One interesting fact about this beetle is that it is attracted to lights, making it a common sight around outdoor lighting fixtures during the summer months.

It is also known for its ability to produce a loud, buzzing sound by rubbing its legs together, a behavior that is thought to help attract potential mates.

Despite its relatively small size, the Shining Leaf Chafer Beetle is essential to Tennessee’s insect community.

By learning more about these fascinating creatures and their roles in their environment, we can better appreciate our state’s complex and interconnected web of life.

7. Goldsmith Beetle

Goldsmith Beetle
by Andy Reago & Chrissy McClarren is licensed under CC BY 2.0

The Goldsmith Beetle is a large and shiny beetle native to Tennessee and can often be found in wooded areas.

As its name suggests, it is known for its bright golden color and intricate markings on its elytra (rigid wing coverings).

These beetles can grow up to an inch long and have long, thin legs ideal for climbing and clinging to plants.

They also have potent mandibles, which they crush and chew on complex vegetation like tree bark.

Interestingly, the larvae of Goldsmith Beetles can cause damage to trees as they feed on the wood and burrow through the trunk.

While this can be detrimental to the tree’s health, it is also an essential part of the ecosystem as it allows for the recycling of nutrients.

Goldsmith Beetles are still fascinating creatures to observe despite their potential for harm.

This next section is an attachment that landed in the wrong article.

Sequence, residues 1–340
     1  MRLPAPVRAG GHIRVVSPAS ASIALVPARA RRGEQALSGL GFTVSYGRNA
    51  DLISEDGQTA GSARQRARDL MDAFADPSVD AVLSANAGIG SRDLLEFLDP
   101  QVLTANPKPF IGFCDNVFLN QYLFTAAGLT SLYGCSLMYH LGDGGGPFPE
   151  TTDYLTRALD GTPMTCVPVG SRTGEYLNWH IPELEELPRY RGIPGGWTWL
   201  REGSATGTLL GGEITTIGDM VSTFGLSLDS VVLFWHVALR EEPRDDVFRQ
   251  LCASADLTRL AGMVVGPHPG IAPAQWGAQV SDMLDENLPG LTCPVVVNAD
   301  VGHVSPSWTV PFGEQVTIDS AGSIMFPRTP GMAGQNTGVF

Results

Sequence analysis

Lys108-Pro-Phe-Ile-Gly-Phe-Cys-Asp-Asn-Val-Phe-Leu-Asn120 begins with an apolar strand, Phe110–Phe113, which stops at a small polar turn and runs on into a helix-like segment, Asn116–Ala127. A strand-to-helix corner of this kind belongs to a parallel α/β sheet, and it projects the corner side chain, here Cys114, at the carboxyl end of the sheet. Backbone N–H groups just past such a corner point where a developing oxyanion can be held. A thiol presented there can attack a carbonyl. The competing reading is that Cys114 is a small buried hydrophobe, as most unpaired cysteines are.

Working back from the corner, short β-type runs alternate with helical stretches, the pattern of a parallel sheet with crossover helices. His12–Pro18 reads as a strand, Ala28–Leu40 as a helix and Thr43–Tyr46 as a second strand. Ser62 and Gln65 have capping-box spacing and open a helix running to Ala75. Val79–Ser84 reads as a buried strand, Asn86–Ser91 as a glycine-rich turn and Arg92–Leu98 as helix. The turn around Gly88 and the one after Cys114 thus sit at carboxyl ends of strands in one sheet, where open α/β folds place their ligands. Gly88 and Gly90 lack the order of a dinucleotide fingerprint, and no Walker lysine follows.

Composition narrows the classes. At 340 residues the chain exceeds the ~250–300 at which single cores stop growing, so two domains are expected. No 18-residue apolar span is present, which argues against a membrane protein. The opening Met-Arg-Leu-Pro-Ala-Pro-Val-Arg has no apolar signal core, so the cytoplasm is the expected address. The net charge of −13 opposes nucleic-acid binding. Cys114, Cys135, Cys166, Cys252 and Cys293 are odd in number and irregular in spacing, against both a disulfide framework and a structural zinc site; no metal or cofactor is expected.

Their shimmering metallic colors and distinctive patterns are a sight to behold.

If you’re lucky enough to spot one on your next hike through the woods, take a moment to appreciate the beauty and diversity of the insect world.

8. Bee-Like Flower Scarab Beetle

Bee-Like Flower Scarab Beetle
by cramsay23 is licensed under CC BY-NC-ND 2.0

If you see a small beetle that looks like a bee buzzing around a flower in Tennessee, chances are it’s a Bee-Like Flower Scarab Beetle.

These little insects have black and yellow stripes resembling a bee but belong to the Scarab Beetle family. 

Bee-Like Flower Scarab Beetles are often found near flowers because they feed on nectar like bees. 

They are about half an inch long and have shiny, black bodies with sometimes red or orange stripes.

The Bee-Like Flower Scarab Beetle is most commonly seen in Tennessee’s late spring and early summer months.

These types of beetles in Tennessee play an essential role in pollination.

 As they visit flowers to feed on nectar, they transfer pollen from one flower to another, aiding in fertilization.

While they are beneficial for the environment, Bee-Like Flower Scarab Beetles do not cause any harm to humans.

In some cultures, the Bee-Like Flower Scarab Beetle is considered a symbol of luck or a sign of good fortune. 

This is because the beetle is associated with the ancient Egyptian goddess Isis, believed to bring fertility and abundance.

Overall, the Bee-Like Flower Scarab Beetle is a fascinating insect to observe in its natural habitat.

Its bee-like appearance can often be deceiving, but with a closer look, it is easy to appreciate its unique characteristics and contribution to the ecosystem.

9. Oil Beetle

Oil Beetle
by gailhampshire is licensed under CC BY 2.0